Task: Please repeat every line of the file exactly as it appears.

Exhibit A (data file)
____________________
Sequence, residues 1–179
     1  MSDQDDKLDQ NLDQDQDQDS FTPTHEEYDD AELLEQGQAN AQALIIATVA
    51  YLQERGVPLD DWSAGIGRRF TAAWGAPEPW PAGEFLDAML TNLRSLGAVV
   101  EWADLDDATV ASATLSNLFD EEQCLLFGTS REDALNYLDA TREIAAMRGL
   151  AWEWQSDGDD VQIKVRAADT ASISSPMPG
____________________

Sequence, residues 1–179
     1  MSDQDDKLDQ NLDQDQDQDS FTPTHEEYDD AELLEQGQAN AQALIIATVA
    51  YLQERGVPLD DWSAGIGRRF TAAWGAPEPW PAGEFLDAML TNLRSLGAVV
   101  EWADLDDATV ASATLSNLFD EEQCLLFGTS REDALNYLDA TREIAAMRGL
   151  AWEWQSDGDD VQIKVRAADT ASISSPMPG